My own feeling is, if an outlet isn’t licensed (as for instance the “new” Jaipur at 117, King George Avenue, awaiting its licence: reviewed in tomorrow’s NewsDay) they just shouldn’t charge corkage. Meikles’ policy is –– I suspect –– to charge the same price as the cheapest house wine. I would argue the fee should be the cost (or profit: not both) element of their cheapest bottle.
Overseas, it’s often accepted that if the hotel or restaurant doesn’t stock the wine brought in they don’t charge corkage. But there are few hard-and-fast rules.
I would argue a case for give-and-take: when one or two members of a large party of revellers spending good loot on food, having propped up the bar for an hour or more and most of them choosing from the wine list want (for whatever reasons: usually economic) to open a bottle from home.
Corkage-charging can be extremely unpopular. It costs eateries trade, as the public resent being “fleeced” at one place when a local competitor waives the fee.
It is hard to police. Robert, sitting on my right, asked about corkage and was told $12: which possibly took six months off his life! The guy on my left just asked the waiter to open his bottle of white; one diagonally opposite borrowed my Swiss Army knife and opened his own. Both uncharged for!
Despite much chaos at Meikles, due to the presence there of one Akon, apparently an entertainer with a string of international criminal convictions, the meal was splendid. Like most members, I had the wonderful value $20 table d’hôte menu with plaice (a grand flatfish not found in southern African waters) “duxelle”: stuffed with mushrooms (and garlic), served with mashed potatoes, drizzled with lemon, garlic and paprika butter, and sound vegetables, as main.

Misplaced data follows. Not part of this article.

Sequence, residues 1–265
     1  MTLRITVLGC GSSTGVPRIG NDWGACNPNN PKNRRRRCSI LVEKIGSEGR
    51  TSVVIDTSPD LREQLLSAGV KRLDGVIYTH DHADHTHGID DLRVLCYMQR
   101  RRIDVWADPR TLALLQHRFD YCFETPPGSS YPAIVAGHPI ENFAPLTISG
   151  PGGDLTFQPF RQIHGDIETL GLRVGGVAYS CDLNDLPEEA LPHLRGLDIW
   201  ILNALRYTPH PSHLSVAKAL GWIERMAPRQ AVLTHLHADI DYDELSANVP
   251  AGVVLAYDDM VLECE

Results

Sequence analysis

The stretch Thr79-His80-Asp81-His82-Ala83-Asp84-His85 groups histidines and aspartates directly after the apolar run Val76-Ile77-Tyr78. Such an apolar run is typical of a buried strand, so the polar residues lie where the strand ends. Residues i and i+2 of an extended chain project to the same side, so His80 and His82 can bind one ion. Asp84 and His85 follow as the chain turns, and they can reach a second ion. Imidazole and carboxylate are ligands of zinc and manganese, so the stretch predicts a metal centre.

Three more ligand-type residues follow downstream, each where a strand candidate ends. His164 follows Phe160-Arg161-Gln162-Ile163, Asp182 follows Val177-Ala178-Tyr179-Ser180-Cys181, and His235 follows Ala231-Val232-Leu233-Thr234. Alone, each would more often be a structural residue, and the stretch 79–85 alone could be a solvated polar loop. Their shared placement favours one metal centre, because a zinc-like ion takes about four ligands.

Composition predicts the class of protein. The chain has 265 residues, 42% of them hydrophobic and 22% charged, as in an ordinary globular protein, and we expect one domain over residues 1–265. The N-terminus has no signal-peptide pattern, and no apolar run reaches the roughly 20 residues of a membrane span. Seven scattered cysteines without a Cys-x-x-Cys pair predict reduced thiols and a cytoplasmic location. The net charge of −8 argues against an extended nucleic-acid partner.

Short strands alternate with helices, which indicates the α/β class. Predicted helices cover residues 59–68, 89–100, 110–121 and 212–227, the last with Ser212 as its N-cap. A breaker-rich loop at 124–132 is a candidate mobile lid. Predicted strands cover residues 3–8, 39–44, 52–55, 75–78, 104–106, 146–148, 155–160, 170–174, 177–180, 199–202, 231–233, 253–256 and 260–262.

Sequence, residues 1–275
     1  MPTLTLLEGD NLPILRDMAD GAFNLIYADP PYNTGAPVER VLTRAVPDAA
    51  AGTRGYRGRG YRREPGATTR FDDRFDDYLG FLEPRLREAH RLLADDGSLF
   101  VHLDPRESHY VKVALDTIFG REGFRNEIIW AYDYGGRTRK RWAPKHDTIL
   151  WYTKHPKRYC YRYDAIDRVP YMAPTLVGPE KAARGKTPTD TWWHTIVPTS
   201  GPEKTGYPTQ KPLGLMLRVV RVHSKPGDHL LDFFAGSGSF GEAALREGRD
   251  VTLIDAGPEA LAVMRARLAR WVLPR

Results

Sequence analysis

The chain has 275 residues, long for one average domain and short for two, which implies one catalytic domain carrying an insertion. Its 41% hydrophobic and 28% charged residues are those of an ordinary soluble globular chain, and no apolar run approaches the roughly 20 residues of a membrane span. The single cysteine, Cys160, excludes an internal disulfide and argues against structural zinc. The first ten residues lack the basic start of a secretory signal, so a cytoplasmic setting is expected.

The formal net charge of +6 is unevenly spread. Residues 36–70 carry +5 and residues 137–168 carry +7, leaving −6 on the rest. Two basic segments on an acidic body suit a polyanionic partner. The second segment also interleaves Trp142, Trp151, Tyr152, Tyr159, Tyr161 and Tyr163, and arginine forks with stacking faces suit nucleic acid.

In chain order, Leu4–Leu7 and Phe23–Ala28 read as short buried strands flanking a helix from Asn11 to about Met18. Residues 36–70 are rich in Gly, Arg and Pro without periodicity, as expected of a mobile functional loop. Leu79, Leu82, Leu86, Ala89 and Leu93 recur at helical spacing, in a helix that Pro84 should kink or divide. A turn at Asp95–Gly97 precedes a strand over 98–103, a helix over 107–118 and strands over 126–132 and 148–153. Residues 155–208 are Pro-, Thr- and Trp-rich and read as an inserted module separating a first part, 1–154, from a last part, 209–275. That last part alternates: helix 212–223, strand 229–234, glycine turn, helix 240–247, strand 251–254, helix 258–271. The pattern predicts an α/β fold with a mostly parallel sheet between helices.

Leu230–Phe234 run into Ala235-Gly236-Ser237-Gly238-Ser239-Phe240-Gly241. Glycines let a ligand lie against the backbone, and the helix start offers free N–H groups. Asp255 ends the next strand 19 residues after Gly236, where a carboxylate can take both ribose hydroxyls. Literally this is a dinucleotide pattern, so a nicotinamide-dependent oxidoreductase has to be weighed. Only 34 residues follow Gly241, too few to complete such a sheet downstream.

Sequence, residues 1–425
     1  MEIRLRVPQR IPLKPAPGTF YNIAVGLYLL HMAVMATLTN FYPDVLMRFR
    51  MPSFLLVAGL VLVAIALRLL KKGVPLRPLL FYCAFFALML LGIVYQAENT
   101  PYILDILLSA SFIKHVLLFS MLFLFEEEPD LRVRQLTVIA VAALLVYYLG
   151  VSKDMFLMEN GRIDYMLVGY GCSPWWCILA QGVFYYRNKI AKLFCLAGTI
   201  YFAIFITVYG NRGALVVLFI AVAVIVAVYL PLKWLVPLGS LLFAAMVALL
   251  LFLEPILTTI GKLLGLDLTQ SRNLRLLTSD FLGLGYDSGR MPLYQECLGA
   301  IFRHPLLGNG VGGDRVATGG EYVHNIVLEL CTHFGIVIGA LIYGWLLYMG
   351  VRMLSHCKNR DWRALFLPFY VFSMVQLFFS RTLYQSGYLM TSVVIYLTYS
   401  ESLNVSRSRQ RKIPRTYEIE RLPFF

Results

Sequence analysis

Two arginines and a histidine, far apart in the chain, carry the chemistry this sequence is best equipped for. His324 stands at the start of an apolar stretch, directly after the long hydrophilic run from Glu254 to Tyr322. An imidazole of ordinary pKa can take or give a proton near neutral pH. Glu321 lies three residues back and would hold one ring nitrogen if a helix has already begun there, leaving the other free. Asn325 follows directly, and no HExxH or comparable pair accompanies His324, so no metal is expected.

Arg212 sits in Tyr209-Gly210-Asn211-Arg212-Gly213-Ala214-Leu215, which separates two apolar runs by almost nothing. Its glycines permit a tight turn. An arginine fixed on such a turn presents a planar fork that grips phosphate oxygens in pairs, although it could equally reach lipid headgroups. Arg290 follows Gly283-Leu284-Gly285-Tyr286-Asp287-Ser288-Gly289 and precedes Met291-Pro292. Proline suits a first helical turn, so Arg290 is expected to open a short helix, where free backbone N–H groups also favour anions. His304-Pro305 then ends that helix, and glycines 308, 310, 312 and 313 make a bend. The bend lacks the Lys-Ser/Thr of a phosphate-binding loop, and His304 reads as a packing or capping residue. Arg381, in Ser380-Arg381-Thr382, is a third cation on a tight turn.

Options were griddled pork fillet on caramelised apple rings with golden-turned potatoes, topped with light mustard sauce; or pepper-crusted beef fillet flamed in port wine and cream, with croquettes. I doubt if any of my members had the vegetarian rosemary and mushroom quiche.
I started with butternut and macadamia nut soup, ending with extremely well-kept Brie, Camembert and blue cheese followed by two or three delicacies from a trundling dessert trolley.
On the down side, the air conditioning needs adjusting. It was far too hot and airless in that large windowed room with sun streaming in. Casual drinks were 50% dearer than the barman quoted: beer, for instance, was hiked from $2 to $3 (why?) on the computer, but apparently no one told bar staff.
And we didn’t get the last round. Despite assuring us he wouldn’t leave his post, the barman was nowhere to be found, the place locked, when a final round was ordered. When I suggested the drinks be obtained from the Explorers’ Club, downstairs, I received a look from someone in a DJ that suggested it was akin to sending round to the Holiday Inn for them.
We were told to leave it to him. Maybe 12 minutes later, our hard-core rump of perhaps eight simply walked out, fighting its way through an unruly throng of Akon fans.